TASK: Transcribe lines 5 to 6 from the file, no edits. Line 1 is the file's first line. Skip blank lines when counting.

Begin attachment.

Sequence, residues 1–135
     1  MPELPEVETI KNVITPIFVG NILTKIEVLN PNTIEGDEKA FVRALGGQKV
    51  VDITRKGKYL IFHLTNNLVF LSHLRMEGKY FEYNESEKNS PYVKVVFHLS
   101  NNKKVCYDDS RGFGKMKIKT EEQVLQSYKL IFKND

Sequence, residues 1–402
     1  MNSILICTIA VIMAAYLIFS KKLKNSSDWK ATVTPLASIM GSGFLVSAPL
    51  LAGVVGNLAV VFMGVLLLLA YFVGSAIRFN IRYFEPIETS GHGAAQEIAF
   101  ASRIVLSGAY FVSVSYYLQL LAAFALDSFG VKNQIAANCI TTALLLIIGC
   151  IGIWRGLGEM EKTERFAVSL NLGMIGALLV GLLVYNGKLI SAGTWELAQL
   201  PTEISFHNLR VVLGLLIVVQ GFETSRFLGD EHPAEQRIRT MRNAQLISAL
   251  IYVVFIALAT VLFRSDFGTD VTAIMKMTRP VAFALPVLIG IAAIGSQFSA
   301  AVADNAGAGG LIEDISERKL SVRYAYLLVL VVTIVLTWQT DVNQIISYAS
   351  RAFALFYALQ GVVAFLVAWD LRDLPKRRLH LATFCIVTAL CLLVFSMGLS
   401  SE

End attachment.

Sequence, residues 1–402
     1  MNSILICTIA VIMAAYLIFS KKLKNSSDWK ATVTPLASIM GSGFLVSAPL